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How Laws Are Made

How Laws Are Made

One of the primary roles of Parliament is to make laws for the country.

A proposed law is called a Bill. Any Member of Parliament can table a Bill in Parliament for consideration. Most Bills are usually brought forward by Government Ministers.

When a Member of Parliament brings forward a Bill, they are required to give it a name and the Bill is formally introduced by the name being read a first time (‘first reading’). Parliament then sets a future date for the Bill to be considered further, known as the ‘second reading’.

During the second reading of the Bill, Members of Parliament debate and then vote based on the principles and merits of the proposed legislation. If Members have voted to consider the Bill further, the Bill is referred to one of the Standing committees of Parliament for further detailed scrutiny.  The parliamentary committee can seek the views of the community on the contents of the Bill and may suggest amendments to the Bill.  The committee is normally required to make a report on its consideration of the Bill to Parliament within 30 days.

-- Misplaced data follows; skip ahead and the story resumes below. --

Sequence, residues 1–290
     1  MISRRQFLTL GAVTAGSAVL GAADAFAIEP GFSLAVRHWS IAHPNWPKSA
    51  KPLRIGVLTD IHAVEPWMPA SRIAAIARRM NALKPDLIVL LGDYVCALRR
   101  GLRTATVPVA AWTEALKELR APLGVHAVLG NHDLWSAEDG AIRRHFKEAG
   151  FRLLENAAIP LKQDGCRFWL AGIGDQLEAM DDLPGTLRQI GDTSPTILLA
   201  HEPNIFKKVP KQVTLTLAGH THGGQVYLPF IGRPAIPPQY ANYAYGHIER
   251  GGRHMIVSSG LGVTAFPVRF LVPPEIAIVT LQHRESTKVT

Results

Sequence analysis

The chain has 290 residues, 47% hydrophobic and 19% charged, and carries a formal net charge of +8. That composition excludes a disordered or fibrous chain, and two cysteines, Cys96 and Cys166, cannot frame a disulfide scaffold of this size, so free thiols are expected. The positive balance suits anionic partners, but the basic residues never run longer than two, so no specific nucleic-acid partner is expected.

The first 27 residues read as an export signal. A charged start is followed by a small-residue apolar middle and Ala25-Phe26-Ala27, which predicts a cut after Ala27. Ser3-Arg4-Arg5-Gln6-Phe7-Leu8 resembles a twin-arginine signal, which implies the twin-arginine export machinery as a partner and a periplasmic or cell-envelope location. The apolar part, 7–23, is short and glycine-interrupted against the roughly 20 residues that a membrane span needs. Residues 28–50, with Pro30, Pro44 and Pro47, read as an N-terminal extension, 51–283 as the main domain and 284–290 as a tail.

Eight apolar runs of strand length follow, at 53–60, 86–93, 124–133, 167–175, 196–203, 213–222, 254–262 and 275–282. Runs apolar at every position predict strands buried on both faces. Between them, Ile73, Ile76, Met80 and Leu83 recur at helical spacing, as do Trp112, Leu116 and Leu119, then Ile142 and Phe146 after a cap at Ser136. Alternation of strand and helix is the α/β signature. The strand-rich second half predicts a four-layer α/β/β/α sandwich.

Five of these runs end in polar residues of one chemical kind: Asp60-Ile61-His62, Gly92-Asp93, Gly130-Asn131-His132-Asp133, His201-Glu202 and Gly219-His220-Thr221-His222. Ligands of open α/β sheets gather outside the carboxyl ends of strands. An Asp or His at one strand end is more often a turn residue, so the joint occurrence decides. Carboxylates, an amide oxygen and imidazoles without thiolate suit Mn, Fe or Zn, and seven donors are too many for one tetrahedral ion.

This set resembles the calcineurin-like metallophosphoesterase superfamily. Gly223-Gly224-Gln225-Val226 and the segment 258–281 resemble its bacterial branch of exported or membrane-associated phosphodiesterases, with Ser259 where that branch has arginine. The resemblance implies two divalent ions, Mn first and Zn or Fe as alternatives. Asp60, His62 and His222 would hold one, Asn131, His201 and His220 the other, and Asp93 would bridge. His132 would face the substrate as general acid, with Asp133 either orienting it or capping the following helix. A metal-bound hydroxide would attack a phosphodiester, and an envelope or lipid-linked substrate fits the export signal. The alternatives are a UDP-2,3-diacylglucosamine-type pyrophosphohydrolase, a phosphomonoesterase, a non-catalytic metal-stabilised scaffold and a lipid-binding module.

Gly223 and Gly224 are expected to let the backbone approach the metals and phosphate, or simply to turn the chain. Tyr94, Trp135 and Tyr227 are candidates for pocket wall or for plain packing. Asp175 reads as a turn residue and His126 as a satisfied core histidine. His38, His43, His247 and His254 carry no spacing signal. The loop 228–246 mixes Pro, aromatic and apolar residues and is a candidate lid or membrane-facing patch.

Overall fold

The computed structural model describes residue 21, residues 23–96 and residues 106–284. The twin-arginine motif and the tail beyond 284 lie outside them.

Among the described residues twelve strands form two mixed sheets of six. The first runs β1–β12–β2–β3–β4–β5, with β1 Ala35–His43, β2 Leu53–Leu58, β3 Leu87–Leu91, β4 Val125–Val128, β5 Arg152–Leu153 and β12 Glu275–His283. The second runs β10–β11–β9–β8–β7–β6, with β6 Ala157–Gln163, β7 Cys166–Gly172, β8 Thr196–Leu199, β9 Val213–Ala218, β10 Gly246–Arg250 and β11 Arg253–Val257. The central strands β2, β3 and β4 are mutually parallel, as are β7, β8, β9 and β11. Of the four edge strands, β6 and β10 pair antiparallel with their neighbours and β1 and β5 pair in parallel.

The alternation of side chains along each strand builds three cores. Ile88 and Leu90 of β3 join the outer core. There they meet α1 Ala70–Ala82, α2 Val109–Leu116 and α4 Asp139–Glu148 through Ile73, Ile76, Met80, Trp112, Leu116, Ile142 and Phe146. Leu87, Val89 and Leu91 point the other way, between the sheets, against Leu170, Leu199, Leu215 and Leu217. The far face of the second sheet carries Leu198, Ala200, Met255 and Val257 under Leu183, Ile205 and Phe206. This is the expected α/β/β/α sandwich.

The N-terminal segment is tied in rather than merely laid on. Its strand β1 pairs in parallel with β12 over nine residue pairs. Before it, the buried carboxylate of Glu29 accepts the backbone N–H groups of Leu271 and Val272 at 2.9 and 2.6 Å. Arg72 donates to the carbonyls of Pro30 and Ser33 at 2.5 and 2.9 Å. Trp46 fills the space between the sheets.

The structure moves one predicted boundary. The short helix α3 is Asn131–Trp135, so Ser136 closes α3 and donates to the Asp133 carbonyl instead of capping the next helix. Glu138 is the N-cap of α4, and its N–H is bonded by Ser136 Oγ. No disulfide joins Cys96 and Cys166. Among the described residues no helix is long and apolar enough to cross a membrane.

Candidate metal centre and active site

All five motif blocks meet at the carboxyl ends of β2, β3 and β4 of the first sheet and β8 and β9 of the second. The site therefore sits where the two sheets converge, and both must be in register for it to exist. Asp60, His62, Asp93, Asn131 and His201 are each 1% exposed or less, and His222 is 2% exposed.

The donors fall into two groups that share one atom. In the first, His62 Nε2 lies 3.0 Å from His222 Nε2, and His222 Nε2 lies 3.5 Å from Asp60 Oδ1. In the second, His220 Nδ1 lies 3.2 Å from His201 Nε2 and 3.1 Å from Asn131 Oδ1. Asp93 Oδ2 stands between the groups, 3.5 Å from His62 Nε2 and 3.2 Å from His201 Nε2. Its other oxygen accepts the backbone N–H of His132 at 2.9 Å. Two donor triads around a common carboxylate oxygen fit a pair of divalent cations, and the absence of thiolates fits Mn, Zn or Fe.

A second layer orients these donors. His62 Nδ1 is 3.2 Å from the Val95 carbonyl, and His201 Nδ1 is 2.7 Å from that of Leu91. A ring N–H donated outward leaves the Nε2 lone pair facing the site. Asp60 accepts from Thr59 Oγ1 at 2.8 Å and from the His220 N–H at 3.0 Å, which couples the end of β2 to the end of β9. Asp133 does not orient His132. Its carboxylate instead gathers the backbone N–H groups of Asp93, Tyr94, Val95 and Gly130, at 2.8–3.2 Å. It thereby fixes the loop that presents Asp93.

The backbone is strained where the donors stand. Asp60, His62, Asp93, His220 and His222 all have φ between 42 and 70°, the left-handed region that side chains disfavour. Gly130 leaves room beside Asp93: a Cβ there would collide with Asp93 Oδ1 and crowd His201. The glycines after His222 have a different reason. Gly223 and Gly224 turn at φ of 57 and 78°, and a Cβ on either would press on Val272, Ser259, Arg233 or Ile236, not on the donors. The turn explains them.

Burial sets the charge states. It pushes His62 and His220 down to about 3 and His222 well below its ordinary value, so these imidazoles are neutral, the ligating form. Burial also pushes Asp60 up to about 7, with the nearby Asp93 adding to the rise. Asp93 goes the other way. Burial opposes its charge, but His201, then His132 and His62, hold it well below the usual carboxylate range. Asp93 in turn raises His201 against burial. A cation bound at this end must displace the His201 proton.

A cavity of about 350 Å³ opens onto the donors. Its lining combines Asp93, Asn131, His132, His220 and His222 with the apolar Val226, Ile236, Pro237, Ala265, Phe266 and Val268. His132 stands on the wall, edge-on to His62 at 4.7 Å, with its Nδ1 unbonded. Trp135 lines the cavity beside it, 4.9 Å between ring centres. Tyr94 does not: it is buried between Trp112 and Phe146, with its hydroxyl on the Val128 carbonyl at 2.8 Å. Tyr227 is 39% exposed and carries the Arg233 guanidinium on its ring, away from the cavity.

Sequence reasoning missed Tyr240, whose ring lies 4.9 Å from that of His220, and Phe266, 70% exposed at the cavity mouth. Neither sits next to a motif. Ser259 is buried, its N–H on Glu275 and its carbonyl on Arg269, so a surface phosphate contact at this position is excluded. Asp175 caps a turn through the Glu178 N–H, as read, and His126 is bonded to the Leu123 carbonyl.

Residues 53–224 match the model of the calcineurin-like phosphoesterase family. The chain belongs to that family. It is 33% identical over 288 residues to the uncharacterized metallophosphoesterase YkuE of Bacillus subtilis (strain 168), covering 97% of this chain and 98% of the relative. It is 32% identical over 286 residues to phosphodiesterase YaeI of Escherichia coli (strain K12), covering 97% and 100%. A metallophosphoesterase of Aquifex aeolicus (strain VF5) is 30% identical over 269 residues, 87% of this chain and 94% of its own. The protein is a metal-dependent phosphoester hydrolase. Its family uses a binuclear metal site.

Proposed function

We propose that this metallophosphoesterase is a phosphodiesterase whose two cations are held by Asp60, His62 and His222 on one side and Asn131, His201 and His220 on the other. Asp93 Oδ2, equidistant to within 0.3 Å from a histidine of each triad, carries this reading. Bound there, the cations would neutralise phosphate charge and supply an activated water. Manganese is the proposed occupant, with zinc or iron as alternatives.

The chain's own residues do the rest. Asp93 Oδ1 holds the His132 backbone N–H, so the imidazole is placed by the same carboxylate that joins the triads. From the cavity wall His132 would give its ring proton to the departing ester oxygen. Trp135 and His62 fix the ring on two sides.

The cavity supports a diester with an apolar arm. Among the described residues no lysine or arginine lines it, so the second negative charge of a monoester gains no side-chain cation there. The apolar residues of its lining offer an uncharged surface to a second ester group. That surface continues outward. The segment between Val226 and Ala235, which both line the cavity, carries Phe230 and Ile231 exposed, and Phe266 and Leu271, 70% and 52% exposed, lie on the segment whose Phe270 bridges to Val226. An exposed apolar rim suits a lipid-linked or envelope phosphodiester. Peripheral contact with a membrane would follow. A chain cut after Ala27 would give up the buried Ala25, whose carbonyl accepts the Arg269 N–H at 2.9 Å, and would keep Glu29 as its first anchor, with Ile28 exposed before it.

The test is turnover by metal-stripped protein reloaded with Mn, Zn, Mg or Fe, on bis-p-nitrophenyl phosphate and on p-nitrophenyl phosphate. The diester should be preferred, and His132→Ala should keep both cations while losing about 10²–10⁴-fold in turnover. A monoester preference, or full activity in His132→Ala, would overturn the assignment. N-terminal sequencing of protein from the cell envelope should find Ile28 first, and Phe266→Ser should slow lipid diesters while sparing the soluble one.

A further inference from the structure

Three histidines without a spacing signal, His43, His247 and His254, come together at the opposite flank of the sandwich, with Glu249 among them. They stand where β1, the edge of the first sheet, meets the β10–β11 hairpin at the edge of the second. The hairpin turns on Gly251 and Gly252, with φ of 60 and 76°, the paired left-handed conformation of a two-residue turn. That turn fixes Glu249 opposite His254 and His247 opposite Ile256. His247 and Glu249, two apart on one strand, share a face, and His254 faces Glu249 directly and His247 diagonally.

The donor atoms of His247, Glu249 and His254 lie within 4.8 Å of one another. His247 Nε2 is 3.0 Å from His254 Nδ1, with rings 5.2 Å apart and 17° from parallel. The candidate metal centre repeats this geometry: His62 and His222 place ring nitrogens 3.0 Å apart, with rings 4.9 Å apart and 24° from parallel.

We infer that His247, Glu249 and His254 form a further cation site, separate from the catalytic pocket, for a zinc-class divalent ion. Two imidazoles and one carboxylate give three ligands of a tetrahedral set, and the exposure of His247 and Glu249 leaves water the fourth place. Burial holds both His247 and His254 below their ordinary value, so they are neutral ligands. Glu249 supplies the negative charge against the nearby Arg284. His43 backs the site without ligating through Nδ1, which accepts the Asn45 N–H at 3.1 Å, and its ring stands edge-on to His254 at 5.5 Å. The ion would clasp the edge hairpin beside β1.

Parliament then goes through the Bill and considers each clause individually. When this process is completed, Parliament formally agrees to the Bill by adopting a motion that the Bill be read a third time (third reading).

The Speaker of the Parliament of the Republic of Fiji must then present the Bill to the President for his or her assent.  

Once a Bill receives the President’s assent, it becomes law.
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